Hochul must harden her stance on crime


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The Editorial Board

Gov. Kathy Hochul won a full term as governor of New York on Nov. 8, prevailing in one of the tightest races the state has seen in decades.

If Hochul wants to do better for New Yorkers during her first official term than her incumbency, the Buffalo-raised Democrat needs to harden her stance on crime.

According to the NYPD, crime of every nature went up in August by more than 30% in New York City, compared to the same time last year. Felony assault was up by over 18%.

Many are attributing the increase to bail reform enacted by state Democrats. Hochul has maintained that there is no such correlation.

“I will look at all the data,” Hochul said during a question-and-answer session with reporters in Yonkers. “I’ve yet to see data that shows a correlation with a net increase in crime and the bail laws. Because it doesn’t exist in any other city.”

There is currently no data to support Republican gubernatorial candidate Lee Zeldin’s claim that Democrat-backed bail reform is solely responsible for this spike. Regardless, this very real, palpable uptick in crime was enough to sway many voters toward the Republican candidate.

Crime was among the top issues for voters in the gubernatorial election, according to recent polling from Quinnipiac University.

Of the respondents to the university’s survey, 28% ranked crime as the most pressing issue, followed by inflation at 20%. Zeldin’s strong performance could largely be attributed to voters who lost faith in Hochul’s ability to mitigate crime.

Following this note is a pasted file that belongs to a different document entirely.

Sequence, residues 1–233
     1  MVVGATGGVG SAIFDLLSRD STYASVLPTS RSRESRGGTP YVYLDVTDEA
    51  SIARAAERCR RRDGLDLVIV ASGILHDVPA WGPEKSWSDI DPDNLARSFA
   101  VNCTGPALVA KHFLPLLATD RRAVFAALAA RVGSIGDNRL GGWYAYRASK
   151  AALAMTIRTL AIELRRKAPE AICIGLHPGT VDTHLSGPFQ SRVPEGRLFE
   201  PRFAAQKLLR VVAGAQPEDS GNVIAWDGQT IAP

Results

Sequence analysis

“I’ve always been a Democrat voter, but I am willing to take a chance on Zeldin to see if he can fix the crime,” Rachael Rosado, a 43-year-old medical assistant who lives near Harlem, told The New York Post.

These fears aren’t unfounded. Hochul brushed off New York’s rising crime rate on numerous occasions, leading concerned citizens to believe she will do little policy-wise to fix crime in her coming term.

“He has been hyperventilating, trying to scare people for months, and New Yorkers are onto it,” Hochul said of Zeldin during a campaign stop on the Upper West Side. “All the legitimate media organizations have called him out for what he is doing, fear-mongering.”

Hochul made this remark only hours after a commuter was stabbed at the East 149th Street and Grand Concourse subway station.

Overall, crime in New York City’s transit system is up by 40%. Manhattan dwellers have a 0.58%  chance of becoming a victim of a violent crime, according to data from NeighborhoodScout.

Hochul’s stubborn denial of New York’s crime issue will not only come at the cost of future political victories, but also at the safety of New Yorkers. She must make it a priority to address rising crime rates in her first few months as governor or else she will risk losing the support of a large portion of her voters.